Re-imagining Online Grocery Shopping. A human centred UX aproach.
For my course's final major project, I am using a human centred design approach to create a concept that reinvents the process of online grocery shopping. We now use the internet for so many different things, from ordering cars with Ubers to getting takeaways with Deliveroo. The world of travel has completely changed, we now use the internet to book flights, train tickets and hotels. It has transformed the worlds of finance, medicine, real-estate and entertainment. Cinema, theatre and concert tickets are now purchased online enabling artists such as Shawn Mendes to sell out 38 shows across North America and Europe in just a couple of minutes. The accessibility and widespread adoption of the internet has also enabled online grocery shopping to take off. Every major supermarket in the UK has an online version of their store and according to data from Statista; by 2020, the UK is expected to be the worlds second highest market for online grocery shopping after China.
Online grocery shopping is a skyrocketing market, in 2016 it was estimated that £141.9 million was spent every week on edible food sales in the UK, double the figure from 2010. As supermarkets try to make their services more customer friendly and add features that make it easier to shop online, there is still a large section of the population who aren't actively using these services. Despite the continuous growth, online grocery sales only make up 6% of the total UK grocery sales of £163 billion/year. High labour and logistical costs mean companies have a minimum spend amount, ranging from £40-60, which is one reason many people aren't using online services. Through a series of interviews and secondary research, I am exploring why people use or don't use online grocery shopping services. I am also asking them about their experience with food in general, how they discover, plan, prepare, cook and eat meals. I think it's essential to get a holistic understanding of customers experience with food, as this can dictate how the might buy items online and it could influence the process itself as well as the design.
One of the main reasons why I have chosen to create a concept that reinvents the process of online grocery shopping for this project is because I can see so much potential in the user interface (UI) design. Despite the growing market and innovations made by online supermarkets, the UI's all work exactly the same. While some retailers have more beautiful colour palettes, better layouts or clearer imagery, the experience of online shopping involves clicking on boxes, adding them to a cart and checking out. There is no sense of discovery or room for human emotion. There is no appreciation for the experience that food has in our lives. With most people eating three meals a day, plus snacks, food takes up a big part of our lives. We have an emotional and sensory connection to food that online stores don't manipulate or tap into. They all look like databases of items; there is no sense of wonder or joy in the process.
Whether you like Uber or not, their high success and widespread adoption are because they looked at ordering taxis and travelling as a complete experience. They found all of the pain points such as knowing a taxi's exact pickup location, finding a trusted driver, sharing ETAs and transparent pricing, and solved it all through intelligent technology and smart user interface design. For the user, the process is incredible, almost stupidly simple. It doesn't feel like a chore and it just 'feels right', as if ordering taxis should always have been this way. Right now, online shopping (to me) doesn't 'feel right'. It's a repetitive, lengthy chore, you have to go through many sections and items, and doesn't feel like an exciting journey of food discovery.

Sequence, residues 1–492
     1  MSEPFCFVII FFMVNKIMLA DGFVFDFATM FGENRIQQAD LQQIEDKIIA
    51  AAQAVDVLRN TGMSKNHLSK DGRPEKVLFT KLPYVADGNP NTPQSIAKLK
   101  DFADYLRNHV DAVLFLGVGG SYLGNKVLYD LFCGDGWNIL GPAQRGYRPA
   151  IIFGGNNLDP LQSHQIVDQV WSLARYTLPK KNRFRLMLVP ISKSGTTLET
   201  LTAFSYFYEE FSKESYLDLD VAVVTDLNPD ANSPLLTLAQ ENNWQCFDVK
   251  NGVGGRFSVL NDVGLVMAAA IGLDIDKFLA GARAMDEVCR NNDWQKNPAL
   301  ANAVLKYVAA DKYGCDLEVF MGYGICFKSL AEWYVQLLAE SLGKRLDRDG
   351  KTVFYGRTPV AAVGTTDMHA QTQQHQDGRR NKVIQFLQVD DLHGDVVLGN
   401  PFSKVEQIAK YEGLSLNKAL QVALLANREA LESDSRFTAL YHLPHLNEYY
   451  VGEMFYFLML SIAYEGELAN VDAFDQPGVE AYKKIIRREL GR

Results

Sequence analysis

I have begun this project with a lot of online research and interviews. I am adopting the double diamond approach popularised by The British Design Council. It's a human-centred approach that says to spread out and talk to the users; to find their problems and understand their pain points. After acquiring this knowledge, it says to come back in to redefine the brief. This is important as it involves the user in the complete process, ensuring everything isn't created in a bubble.
I carried out interviews with a variety of users and non-users of online grocery shopping. Through prior research, I learnt that it is imperative to make sure they feel comfortable so they can speak openly and freely. I also discovered that it is essential to let them speak. It sounds obvious, but it is very easy for the interviewer to step in a cut off the person, right before they were about to say a really useful point. I found that these interviews work best when the interviewer barely even speaks. After the interviewee has made their point or answered the question, I remained silent for a few seconds. What was initially surprising was that almost every time, in that few seconds of silence they would start talking about an additional point that was extremely valuable to the research.
I was noting down the key points on an iPad and collated all the responses through a Google Forms form. I set up a form with my key questions in, and as people were talking, I typed their answers in the relevant boxes. This enabled them to speak freely and honestly with no restrictions, however after each interview Google Forms automatically collated the responses into the appropriate sections meaning the quantitative data was easy to review afterwards.